This micronutrient is found, above all, in citrus fruits, kiwis, broccoli and other vegetables, such as tomatoes or certain tubers. Vitamin C is essential for the formation of almost all the structures of our osteoarticular system, as it is necessary for the synthesis of the famous collagen. necessary for the synthesis of the famous collagen.. It also helps in the absorption of iron, tissue repair in case of injuries and stands out for its important antioxidant activity.
This vitamin is represented by 2 liposoluble compounds: vitamin D3 (cholecalciferol) and vitamin D2 (ergocalciferol). Its main function is associated with the maintenance of the skeletal system, as it promotes the reabsorption of bone.It promotes the total reabsorption and partial reabsorption of calcium and phosphorus in the intestinal tract of humans.
Unlike vitamin C and many others, this vitamin is synthesized in small quantities in our body, specifically in the skin with the action of the sun, from 7-dehydrocholesterol. However, it should also be consumed in the diet, due to its importance in the maintenance of bones. Some foods rich in vitamin D are cod liver oil, bonito and other fish, calf liver, chicken liver and dairy products.
4. Vitamin E
Vitamin E is comprised of 8 fat-soluble compounds, also called lipophilic. In the human body its essential function is to act as an antioxidantthat is, it has the purpose of neutralizing free radicals resulting from the conversion of organic matter into energy at the cellular level. This work is vital to avoid cellular failures in the long term, since radicals can damage DNA, which promotes the appearance of deleterious mutations.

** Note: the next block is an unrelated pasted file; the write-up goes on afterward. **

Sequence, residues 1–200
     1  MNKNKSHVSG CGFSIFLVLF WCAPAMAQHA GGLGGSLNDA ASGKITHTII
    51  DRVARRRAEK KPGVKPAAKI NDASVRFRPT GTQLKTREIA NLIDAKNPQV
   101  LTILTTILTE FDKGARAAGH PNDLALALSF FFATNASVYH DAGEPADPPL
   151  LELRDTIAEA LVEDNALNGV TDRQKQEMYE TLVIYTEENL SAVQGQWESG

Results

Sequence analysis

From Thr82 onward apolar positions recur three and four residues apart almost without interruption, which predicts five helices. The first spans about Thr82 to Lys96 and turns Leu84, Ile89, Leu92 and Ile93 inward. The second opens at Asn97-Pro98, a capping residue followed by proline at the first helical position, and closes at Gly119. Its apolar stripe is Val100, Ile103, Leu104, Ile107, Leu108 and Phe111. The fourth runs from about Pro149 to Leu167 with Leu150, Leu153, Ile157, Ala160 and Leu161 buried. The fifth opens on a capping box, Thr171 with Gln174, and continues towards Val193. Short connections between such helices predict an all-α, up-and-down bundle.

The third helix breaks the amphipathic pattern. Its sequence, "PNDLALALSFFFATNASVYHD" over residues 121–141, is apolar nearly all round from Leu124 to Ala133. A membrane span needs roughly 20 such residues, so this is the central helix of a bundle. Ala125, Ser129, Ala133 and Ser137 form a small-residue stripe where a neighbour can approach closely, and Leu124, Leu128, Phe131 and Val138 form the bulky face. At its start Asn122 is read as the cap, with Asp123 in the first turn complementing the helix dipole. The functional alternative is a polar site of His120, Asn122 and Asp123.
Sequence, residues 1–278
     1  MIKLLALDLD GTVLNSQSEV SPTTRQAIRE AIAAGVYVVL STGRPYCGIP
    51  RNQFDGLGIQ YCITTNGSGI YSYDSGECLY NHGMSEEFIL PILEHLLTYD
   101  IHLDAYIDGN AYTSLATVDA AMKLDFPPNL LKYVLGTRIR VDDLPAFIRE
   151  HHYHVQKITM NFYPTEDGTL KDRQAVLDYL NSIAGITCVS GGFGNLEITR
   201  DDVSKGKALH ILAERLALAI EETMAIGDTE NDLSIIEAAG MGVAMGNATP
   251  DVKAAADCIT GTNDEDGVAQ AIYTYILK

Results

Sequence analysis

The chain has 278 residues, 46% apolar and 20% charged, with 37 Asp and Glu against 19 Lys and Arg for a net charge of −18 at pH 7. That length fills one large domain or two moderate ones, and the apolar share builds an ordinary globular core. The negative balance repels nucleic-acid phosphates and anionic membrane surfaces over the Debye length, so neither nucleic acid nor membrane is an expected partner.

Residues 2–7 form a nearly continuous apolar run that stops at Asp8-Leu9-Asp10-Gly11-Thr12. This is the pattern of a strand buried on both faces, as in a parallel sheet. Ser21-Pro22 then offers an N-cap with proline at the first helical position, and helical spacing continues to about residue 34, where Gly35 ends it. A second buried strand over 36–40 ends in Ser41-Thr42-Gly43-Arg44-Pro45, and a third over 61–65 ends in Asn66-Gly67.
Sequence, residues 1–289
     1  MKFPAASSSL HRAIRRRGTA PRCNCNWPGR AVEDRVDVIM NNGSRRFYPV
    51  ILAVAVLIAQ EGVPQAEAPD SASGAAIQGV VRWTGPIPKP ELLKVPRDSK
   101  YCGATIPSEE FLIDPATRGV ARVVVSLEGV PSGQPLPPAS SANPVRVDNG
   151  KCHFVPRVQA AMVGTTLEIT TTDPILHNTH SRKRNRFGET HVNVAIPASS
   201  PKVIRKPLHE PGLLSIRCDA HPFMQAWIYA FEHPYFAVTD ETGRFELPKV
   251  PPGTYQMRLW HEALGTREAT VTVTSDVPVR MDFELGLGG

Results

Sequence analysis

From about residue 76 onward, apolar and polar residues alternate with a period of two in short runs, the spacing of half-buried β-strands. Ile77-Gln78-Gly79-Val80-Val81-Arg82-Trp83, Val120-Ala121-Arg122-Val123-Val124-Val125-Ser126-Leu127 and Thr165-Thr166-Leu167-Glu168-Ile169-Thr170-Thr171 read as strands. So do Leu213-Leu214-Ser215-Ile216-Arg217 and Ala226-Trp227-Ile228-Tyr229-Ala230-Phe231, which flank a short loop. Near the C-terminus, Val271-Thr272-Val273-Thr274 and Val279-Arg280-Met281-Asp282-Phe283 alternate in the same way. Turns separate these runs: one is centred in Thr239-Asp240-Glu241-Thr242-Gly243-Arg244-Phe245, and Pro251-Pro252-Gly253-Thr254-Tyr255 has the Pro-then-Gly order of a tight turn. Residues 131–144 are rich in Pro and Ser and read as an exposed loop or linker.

Vegetable oils, nuts, vegetables and some cereals (with the vitamin in additive form) are some of the most vitamin E-rich foods on the market. An adult person without pathologies requires an intake of 15 milligrams of vitamin E per day.
5. Vitamin K
Vitamin K is very important for bone and tissue development in general, but above all, its importance lies in its work as a coagulant.but above all, its importance lies in its work as a coagulant. People with vitamin K deficiency tend to bruise easily, have heavy bleeding and other events related to hematological irregularities. Green leafy vegetables are the natural foods with the highest vitamin K content.
6. Thiamine (Vitamin B1)
Let’s go a little faster from now on, as there are 8 different vitamins within the B complex and we can’t go into each of them in detail. The main function of thiamine is the conversion and metabolism of fatty acids, so it is considered essential for energy production. it is considered essential for obtaining energy at the cellular level.. A diet rich in carbohydrates requires more vitamin B1 than a high-fat diet. It is found mainly in yeast, whole grains and legumes.